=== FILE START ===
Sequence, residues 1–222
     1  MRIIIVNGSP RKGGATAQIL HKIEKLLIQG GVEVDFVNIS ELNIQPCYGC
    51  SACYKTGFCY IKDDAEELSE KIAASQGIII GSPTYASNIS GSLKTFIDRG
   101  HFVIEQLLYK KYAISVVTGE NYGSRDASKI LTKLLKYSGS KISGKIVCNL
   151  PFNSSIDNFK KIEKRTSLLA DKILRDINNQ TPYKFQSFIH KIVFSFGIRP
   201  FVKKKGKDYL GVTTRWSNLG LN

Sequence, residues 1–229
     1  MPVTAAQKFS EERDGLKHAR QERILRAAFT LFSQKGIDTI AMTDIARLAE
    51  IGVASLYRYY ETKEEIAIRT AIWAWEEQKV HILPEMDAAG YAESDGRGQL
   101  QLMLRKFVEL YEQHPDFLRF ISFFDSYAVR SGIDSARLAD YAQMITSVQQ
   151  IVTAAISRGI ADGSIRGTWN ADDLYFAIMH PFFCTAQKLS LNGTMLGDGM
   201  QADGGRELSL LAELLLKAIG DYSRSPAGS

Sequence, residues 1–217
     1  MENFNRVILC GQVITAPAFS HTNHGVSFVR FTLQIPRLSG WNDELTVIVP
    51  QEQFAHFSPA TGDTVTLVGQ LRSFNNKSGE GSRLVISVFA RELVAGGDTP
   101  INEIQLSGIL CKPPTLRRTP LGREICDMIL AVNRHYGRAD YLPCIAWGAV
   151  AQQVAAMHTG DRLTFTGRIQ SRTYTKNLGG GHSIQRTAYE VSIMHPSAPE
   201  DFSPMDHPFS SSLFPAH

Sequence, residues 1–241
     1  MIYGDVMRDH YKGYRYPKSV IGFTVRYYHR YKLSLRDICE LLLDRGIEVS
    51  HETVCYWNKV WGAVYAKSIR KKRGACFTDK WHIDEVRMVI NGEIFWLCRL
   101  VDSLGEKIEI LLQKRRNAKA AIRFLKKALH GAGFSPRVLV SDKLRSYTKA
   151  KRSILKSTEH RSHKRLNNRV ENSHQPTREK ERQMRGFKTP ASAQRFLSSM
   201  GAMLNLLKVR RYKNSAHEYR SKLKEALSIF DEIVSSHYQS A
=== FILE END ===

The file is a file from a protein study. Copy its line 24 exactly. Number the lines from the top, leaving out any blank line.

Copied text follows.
   201  GAMLNLLKVR RYKNSAHEYR SKLKEALSIF DEIVSSHYQS A